Article Text


Cost-effectiveness of traffic enforcement: case study from Uganda
  1. D Bishai1,
  2. B Asiimwe3,
  3. S Abbas2,
  4. A A Hyder2,5,
  5. W Bazeyo4
  1. 1
    Department of Population and Family Health Sciences, Johns Hopkins Bloomberg School of Public Health, Baltimore, MD, USA
  2. 2
    Department of International Health, Johns Hopkins Bloomberg School of Public Health, Baltimore, MD, USA
  3. 3
    Epidemiological Surveillance Division, Ministry of Health, Kampala, Uganda
  4. 4
    Institute of Public Health, Makerere University, Kampala, Uganda
  5. 5
    Center for Injury Research & Policy, Johns Hopkins Bloomberg School of Public Health, Baltimore, MD, USA
  1. Dr D Bishai, Department of Population and Family Health Sciences, Johns Hopkins Bloomberg School of Public Health, 615 N. Wolfe Street, Baltimore, MD 21030, USA; dbishai{at}


Background: In October 2004, the Ugandan Police department deployed enhanced traffic safety patrols on the four major roads to the capital Kampala.

Objective: To assess the costs and potential effectiveness of increasing traffic enforcement in Uganda.

Methods: Record review and key informant interviews were conducted at 10 police stations along the highways that were patrolled. Monthly data on traffic citations and casualties were reviewed for January 2001 to December 2005; time series (ARIMA) regression was used to assess for a statistically significant change in traffic deaths. Costs were computed from the perspective of the police department in $US 2005. Cost offsets from savings to the health sector were not included.

Results: The annual cost of deploying the four squads of traffic patrols (20 officers, four vehicles, equipment, administration) is estimated at $72,000. Since deployment, the number of citations has increased substantially with a value of $327 311 annually. Monthly crash data pre- and post-intervention show a statistically significant 17% drop in road deaths after the intervention. The average cost-effectiveness of better road safety enforcement in Uganda is $603 per death averted or $27 per life year saved discounted at 3% (equivalent to 9% of Uganda’s $300 GDP per capita).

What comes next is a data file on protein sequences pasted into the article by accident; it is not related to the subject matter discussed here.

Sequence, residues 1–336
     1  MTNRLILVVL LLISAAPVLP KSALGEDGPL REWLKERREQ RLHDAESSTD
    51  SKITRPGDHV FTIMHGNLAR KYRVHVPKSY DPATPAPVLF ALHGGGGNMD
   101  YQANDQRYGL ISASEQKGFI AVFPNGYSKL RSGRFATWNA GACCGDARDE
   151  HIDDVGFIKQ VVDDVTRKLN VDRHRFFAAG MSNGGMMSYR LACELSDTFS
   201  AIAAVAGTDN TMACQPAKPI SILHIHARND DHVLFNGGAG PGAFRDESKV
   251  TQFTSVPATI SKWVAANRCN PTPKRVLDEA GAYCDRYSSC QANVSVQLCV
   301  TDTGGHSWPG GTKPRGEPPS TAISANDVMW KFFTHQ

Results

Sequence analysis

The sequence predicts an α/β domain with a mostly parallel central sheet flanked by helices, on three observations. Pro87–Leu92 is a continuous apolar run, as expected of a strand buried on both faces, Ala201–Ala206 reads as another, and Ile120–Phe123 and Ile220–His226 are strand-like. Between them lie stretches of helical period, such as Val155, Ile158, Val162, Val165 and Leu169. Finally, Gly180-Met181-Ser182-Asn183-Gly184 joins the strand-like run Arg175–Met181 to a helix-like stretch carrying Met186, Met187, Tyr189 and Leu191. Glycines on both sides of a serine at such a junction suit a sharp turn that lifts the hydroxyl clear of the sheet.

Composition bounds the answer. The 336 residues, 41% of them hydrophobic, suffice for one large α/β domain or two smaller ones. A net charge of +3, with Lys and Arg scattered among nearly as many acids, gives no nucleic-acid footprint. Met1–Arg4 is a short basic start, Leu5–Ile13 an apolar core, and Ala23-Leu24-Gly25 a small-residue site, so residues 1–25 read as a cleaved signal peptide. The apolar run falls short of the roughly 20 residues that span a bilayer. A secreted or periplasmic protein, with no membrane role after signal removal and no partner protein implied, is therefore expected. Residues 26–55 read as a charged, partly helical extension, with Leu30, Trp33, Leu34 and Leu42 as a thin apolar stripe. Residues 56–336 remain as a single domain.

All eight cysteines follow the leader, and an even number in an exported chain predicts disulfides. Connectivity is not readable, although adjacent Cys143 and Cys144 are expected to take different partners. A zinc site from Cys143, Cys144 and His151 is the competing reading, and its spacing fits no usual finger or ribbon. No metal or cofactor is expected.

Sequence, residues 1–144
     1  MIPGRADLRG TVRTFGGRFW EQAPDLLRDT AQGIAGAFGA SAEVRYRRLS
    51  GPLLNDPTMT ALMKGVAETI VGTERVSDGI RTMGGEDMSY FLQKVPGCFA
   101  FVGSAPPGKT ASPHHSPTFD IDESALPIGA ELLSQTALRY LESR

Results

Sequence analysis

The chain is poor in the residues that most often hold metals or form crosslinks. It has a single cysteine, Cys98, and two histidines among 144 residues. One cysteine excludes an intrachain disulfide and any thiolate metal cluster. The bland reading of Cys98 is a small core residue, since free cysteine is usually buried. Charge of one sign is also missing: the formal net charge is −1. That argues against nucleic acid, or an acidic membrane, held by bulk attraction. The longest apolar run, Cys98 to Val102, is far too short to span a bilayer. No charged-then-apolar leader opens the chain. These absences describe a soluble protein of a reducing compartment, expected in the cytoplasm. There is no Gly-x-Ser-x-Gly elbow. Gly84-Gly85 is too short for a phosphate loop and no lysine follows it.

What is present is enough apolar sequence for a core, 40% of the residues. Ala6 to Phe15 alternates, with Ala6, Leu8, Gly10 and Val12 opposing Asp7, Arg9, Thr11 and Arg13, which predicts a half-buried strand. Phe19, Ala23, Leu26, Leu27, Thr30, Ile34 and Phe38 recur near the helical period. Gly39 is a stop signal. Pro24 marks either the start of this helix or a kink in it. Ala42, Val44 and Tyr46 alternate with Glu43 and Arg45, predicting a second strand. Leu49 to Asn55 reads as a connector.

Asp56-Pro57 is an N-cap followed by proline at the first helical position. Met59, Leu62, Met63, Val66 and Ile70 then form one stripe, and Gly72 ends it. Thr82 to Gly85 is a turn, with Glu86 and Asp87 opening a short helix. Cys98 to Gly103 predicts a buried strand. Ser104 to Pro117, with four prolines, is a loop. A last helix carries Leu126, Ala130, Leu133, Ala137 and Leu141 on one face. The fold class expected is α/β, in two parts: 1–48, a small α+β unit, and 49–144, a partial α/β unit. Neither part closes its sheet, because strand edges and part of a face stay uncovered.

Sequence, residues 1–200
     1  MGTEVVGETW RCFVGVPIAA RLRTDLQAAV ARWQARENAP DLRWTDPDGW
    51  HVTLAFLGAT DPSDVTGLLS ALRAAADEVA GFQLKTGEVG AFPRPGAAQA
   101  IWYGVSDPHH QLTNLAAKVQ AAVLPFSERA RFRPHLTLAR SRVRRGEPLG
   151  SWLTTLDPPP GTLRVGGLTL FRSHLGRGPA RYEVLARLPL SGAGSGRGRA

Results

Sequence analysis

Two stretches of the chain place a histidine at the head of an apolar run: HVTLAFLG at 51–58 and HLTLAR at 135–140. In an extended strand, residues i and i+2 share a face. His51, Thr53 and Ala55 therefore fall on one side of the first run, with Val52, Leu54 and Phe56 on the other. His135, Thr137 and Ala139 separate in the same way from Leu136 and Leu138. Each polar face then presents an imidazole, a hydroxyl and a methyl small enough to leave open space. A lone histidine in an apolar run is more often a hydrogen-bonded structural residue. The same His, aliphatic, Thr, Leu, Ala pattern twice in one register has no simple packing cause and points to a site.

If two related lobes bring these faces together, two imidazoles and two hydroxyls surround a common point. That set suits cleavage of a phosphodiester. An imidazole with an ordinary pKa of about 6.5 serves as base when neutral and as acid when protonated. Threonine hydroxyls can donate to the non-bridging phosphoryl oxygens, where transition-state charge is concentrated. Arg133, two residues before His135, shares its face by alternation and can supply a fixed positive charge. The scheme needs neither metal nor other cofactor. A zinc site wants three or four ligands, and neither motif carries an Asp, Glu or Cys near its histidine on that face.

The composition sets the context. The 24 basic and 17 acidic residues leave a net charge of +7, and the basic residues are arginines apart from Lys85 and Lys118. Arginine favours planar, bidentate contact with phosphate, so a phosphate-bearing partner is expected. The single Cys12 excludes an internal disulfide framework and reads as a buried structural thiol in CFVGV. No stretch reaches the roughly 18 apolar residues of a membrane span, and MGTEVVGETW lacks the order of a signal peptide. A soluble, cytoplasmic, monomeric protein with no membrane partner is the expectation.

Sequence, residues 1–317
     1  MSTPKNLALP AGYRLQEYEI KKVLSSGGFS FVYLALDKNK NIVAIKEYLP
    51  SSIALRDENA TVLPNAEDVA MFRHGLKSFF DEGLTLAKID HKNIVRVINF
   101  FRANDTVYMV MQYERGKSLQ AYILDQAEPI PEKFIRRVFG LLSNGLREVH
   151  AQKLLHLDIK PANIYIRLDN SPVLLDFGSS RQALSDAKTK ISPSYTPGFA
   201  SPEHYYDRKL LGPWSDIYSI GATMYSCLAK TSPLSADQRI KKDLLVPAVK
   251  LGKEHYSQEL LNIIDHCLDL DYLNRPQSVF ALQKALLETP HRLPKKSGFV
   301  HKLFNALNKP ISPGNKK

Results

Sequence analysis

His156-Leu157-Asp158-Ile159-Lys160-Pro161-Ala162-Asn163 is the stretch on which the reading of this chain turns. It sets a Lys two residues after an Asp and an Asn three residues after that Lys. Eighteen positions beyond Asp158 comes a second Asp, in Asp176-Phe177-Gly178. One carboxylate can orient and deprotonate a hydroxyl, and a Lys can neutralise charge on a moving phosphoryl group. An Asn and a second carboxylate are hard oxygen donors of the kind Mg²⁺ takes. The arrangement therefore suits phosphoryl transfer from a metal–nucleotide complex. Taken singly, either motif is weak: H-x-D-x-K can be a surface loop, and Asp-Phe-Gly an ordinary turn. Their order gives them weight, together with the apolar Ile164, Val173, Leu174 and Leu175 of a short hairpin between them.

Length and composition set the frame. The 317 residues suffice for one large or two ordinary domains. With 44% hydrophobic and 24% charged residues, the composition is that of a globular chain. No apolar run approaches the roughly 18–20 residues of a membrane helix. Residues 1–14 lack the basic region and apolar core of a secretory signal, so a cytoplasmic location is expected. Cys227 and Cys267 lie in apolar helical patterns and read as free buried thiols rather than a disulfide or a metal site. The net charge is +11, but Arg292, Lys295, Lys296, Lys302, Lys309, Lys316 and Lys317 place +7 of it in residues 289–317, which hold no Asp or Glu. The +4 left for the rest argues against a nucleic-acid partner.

Conclusion: The costs of traffic safety enforcement are low in comparison to the potential number of lives saved and revenue generated. Increasing enforcement of existing traffic safety norms can prove to be an extremely cost-effective public health intervention in low-income countries, even from a government perspective.

Statistics from

Road traffic injuries kill over a million people annually, 90% of whom live in low- and middle-income countries. For the world’s poorest countries, the problem is expected to worsen in coming decades because the burden of traffic casualties rises in the early stages of economic development with increased motorization of the economy.13 Wealthy countries in advanced stages of development have been able to control the number of fatal crashes through a variety of countermeasures including occupant protection, better roads, effective trauma systems, and the enforcement of traffic laws. There is hope that low-income countries can implement some of these interventions to control traffic casualties without passively waiting for economic prosperity to propel investments in safer vehicles, roads, and drivers.